6 Tips for Enduring All-Day Hunts

Saddle up and capitalize on the rut’s midday movement.

6 Tips for Enduring All-Day Hunts

Most noted whitetail experts hold that 10 a.m. to 2 p.m. — the period when many hunters lose patience and vacate their stands — is the best window of time in which to catch a mature buck on the move. And they repeatedly prove it by taking midday monsters. They do it because they fight off urges to climb down for lunch and instead hang out all day. Easier said than done.

Despite all we watch and read about all-day sits, articles and TV programs rarely address that being confined to a small, elevated treestand platform for 9 to 10 hours — sometimes longer — is absolutely arduous. Even serious whitetail bowhunters with all-day intentions often flee by noon from sheer boredom, discomfort or pessimism.

The peak rut comes once a year. When it arrives, you can’t afford to blow your “rutcation” days off of work by hunting only mornings and afternoons. When bucks are cruising all day, the more time you spend hunting ideal stand locations puts you closer to encountering the buck you’ve dreamt about for the last 11 months. The question is, will you be on stand when he cruises by?

Because all-day hunting — especially for a week in a row or longer — can be taxing, it becomes necessary to use a systematic approach. Let’s review six tips that will keep you in your stand so you can capitalize on all-day rut action.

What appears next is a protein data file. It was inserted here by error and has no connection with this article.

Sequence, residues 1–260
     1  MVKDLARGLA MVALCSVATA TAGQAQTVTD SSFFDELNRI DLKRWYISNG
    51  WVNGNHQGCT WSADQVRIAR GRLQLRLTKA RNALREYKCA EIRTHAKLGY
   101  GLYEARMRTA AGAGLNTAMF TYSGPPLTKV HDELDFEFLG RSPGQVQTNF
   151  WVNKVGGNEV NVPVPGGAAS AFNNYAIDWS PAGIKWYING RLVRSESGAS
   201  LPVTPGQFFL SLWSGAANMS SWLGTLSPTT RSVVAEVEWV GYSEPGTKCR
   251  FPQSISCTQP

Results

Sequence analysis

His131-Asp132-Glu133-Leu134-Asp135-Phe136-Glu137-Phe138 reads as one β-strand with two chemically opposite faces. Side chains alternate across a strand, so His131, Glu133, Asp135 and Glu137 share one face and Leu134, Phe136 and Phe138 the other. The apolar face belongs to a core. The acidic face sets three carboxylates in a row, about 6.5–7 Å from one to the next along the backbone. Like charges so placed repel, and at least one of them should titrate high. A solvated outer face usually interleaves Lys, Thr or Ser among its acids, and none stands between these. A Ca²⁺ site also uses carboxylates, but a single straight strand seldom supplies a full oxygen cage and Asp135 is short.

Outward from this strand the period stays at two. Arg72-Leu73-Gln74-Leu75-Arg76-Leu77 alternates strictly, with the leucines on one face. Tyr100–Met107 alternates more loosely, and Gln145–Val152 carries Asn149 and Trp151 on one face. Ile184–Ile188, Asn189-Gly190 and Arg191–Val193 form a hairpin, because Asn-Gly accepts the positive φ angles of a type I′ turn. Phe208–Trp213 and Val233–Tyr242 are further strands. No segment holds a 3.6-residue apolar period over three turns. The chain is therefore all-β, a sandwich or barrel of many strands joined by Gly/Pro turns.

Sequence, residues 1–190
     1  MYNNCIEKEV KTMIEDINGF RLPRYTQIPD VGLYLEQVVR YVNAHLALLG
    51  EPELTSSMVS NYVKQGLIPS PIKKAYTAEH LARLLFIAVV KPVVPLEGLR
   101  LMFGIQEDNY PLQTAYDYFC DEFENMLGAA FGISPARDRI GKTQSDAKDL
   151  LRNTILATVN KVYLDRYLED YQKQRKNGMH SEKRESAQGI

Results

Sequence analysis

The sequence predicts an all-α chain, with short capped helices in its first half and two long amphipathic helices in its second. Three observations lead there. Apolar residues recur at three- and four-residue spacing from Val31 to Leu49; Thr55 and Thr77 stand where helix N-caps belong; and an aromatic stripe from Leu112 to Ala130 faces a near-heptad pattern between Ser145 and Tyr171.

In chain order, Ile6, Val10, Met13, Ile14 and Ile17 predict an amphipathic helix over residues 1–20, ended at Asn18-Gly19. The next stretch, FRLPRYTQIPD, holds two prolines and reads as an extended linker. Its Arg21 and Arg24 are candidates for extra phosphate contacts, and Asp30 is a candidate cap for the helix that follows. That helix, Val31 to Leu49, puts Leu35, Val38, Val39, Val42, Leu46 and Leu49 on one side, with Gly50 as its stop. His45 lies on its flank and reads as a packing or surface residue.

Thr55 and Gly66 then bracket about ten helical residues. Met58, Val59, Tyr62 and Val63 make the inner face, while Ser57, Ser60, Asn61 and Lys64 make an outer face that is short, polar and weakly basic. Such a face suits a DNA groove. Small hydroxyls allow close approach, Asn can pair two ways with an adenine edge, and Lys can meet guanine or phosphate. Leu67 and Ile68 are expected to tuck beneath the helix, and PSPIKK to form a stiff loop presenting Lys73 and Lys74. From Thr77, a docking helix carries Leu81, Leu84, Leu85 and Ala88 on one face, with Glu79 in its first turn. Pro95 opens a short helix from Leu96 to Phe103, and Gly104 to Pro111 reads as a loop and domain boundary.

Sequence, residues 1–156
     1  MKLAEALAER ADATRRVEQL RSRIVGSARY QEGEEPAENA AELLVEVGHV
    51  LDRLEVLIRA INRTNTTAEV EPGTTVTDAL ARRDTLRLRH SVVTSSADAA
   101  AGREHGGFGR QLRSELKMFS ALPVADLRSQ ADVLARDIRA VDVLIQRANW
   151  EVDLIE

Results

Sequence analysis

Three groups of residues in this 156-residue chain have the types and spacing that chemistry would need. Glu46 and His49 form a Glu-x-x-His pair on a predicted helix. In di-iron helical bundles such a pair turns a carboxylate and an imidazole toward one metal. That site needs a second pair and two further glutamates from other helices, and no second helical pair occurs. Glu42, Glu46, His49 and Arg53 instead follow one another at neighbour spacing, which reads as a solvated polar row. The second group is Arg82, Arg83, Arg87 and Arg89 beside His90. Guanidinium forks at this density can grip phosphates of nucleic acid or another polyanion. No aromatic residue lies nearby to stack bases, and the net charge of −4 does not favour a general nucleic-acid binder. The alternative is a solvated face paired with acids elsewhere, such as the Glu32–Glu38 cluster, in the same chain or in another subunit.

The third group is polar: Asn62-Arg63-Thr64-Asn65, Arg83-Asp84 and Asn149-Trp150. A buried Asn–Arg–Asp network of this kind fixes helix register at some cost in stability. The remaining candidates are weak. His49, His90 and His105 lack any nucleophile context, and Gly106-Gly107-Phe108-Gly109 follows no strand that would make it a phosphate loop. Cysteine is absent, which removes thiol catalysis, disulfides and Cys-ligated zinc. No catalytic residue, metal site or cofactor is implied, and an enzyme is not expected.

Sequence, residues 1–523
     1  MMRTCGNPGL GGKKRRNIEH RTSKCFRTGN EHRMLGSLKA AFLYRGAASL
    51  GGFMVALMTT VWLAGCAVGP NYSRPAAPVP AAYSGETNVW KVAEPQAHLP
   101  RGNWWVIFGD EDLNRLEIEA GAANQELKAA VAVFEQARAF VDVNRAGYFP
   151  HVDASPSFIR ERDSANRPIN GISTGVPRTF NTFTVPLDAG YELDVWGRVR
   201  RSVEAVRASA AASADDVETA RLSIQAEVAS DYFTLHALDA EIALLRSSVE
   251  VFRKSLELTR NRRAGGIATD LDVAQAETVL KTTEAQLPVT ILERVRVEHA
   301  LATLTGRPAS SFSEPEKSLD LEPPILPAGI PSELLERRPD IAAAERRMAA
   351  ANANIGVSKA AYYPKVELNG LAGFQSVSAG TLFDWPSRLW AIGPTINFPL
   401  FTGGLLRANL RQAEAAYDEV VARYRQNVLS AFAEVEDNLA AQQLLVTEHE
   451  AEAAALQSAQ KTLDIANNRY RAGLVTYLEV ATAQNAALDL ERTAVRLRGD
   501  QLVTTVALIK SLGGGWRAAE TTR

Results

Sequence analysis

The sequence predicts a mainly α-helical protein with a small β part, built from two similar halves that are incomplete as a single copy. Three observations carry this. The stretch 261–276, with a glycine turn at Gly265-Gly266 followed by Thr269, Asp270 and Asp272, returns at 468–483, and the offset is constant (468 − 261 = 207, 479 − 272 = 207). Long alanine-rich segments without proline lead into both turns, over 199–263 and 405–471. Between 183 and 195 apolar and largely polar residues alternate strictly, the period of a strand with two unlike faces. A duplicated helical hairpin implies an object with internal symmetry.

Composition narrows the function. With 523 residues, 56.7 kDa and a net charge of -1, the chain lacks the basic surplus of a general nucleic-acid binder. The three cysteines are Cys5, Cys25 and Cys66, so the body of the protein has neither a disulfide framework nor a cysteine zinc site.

1. Choose an All-Day Stand Location

Counting squirrels is less than amusing. Avoid midday monotony by selecting stand locations deer are liable to travel throughout the day. During the pre-rut and rut, I like funnels. An estrus doe can pull bucks through at any given time. If it’s a funnel that connects two doe bedding areas, all the better. Funnels are so productive midday because they generally offer good security cover, which is why whitetails, including bucks and does, comfortably travel through them during broad daylight.

The downwind edges of doe bedding areas can also be productive at midday. While bucks are on the prowl, they’ll often swing along the downwind fringes to scent-check them rather than go right into the bedding area. It’s an efficiency thing.

2. Quit Looking at Your Phone

When deer movement slows, many hunters — me included — start glancing at their phones or watches to check the time. All-day sits take time, and the more you stare at your watch, the slower time seems to tick by. Remain patient. Do some stretches to keep blood circulating and to fend off drowsiness. Continually rehearse shot opportunities so you’re ready when the opportunity presents; they often happen when you least expect.

3. Stay Occupied

Being a writer, I use slow times on stand to write articles or check emails on my smartphone. Since the woods is a place of solitude, I honestly don’t like bringing work to the stand, but it’s a necessary evil of my profession. It passes the time and I’m cleaning off my work plate simultaneously. Nothing wrong with that.

I know other hunters who read books or play games on their smartphones during down time. Do what it takes to stay in your stand when you’re hunting an all-day spot during the rut. Caution: Always have a secure place to stuff your phone or book when an unexpected encounter unfolds.